Published by New York State Law Reporting Bureau pursuant to Judiciary Law § 431.
This opinion is uncorrected and subject to revision before publication in the Official Reports.
Gonzalez, P.J., Tom, Andrias, Acosta, Freedman, JJ.
Order, Supreme Court, Bronx County (Sharon A.M. Aarons, J.), entered April 15, 2011, which, to the extent appealed from as limited by the briefs, upon granting the application of plaintiff's outgoing counsel for certain relief relating to an order rendered orally by the same court (Patricia Anne Williams, J.), on December 16, 2011, directed plaintiff to turn over seven specified pages of the transcript of a sealed ex parte proceeding to defendants, unanimously affirmed, without costs.
In this personal injury action arising from a pedestrian knockdown, plaintiff's prior counsel moved for a hearing on the amount of the charging lien, if any, that the firm was entitled to. Opposing that motion, incoming counsel made allegations of misconduct, and argued that the alleged misconduct should result in prior counsel's loss of any lien. At the close of a sealed ex parte hearing, at which plaintiff testified, Justice Williams determined that incoming counsel's allegations were unfounded and directed that a hearing on the amount of prior counsel's lien would be held at the resolution of the case. In subsequent motion practice, wherein outgoing counsel sought an order reducing Justice Williams' oral directives to a signed order, defendants demanded a copy of the transcript, arguing that they were entitled to any information which may show that plaintiff's deposition testimony was inaccurate or incomplete.
Plaintiff did not waive her attorney-client privilege here by placing her communications "at issue" (see Deutsche Bank Trust Co. of Ams. v Tri-Links Inv. Trust, 43 AD3d 56, 63 ). Plaintiff's communications with prior counsel were raised only in the context of a fee dispute between attorneys, which had nothing to do with her suit against defendants. Further, there is no evidence that plaintiff consented to, or was even aware of, incoming counsel's ill-advised statements, made solely for the purpose of freeing the file of any charging lien, and not in furtherance of his client's claim or interests.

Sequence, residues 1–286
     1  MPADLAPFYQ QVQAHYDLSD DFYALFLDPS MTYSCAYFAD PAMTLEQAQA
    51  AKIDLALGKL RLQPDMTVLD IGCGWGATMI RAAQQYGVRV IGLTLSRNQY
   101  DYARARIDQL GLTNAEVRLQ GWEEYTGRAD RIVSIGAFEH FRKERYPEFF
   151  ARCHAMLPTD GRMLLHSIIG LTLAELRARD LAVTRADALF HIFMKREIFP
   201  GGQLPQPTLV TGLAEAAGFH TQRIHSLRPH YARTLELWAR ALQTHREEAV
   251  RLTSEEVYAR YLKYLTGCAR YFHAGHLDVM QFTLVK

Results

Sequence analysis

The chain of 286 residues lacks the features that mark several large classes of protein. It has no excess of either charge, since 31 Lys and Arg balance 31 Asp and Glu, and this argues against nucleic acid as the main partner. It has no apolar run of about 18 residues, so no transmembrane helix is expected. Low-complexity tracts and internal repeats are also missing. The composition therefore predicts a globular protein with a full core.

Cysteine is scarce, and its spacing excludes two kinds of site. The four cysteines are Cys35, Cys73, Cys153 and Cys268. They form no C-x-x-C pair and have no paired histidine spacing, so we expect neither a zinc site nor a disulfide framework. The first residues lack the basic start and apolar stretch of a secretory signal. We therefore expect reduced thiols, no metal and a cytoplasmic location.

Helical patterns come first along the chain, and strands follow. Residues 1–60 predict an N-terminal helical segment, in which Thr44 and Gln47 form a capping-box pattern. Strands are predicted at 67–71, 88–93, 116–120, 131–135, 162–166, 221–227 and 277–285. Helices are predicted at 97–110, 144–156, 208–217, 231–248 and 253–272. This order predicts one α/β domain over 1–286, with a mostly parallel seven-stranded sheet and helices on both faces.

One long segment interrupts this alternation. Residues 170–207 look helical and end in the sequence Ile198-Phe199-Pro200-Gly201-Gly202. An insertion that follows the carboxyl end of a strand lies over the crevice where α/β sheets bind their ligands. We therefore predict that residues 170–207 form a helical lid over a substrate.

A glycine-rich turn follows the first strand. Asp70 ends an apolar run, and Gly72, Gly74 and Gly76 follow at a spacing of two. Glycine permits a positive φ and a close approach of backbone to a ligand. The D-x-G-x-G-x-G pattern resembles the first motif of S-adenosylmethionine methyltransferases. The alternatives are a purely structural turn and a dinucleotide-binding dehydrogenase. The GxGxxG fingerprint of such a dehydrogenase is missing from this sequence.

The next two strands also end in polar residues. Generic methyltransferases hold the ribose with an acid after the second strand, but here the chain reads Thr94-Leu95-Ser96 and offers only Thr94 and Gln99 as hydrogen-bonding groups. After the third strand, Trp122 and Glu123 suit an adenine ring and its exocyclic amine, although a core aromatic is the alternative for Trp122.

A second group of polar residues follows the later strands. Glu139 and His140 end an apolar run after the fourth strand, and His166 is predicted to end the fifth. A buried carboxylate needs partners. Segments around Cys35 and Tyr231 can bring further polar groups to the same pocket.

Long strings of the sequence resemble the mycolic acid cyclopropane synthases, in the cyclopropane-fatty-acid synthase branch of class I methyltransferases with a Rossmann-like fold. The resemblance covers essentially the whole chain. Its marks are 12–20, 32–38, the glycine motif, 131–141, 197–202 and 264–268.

Similarly, plaintiff's attorney-client privilege was not waived under the crime-fraud exception, since the motion court, following a hearing, determined that no such misconduct had occurred (see Melcher v Apollo Med. Fund Mgt. L.L.C., 52 AD3d 244 ; Matter of Grand Jury Subpoena, 1 AD3d 172 ). Any inquiry into whether the court improperly exercised its discretion in reaching that conclusion is precluded by the fact that this Court was not provided with a copy of the sealed transcript for review. It was defendants' obligation, as appellants, to assemble a proper record on appeal, including taking the initiative to make the sealed transcript available to this Court (see CPLR 5526; Sebag v Narvaez, 60 AD3d 485 , lv denied 13 NY3d 711 ). Similarly, a determination as to whether third parties may have been present, defeating plaintiff's privilege, an argument defendants themselves admit is speculative, is impossible to reach absent a review of the transcript of the hearing.
Lastly, defendants' argument that Justice Williams erred in directing plaintiff's prior and incoming counsel to review the transcript to determine which portions should be disclosed to defendants is academic. On the instant motion, Justice Aarons reviewed the hearing transcript herself and directed which pages were to be exchanged. Her order added several pages of testimony to the four pages previously selected by plaintiff's counsel.
THIS CONSTITUTES THE DECISION AND ORDER OF THE SUPREME COURT, APPELLATE DIVISION, FIRST DEPARTMENT.
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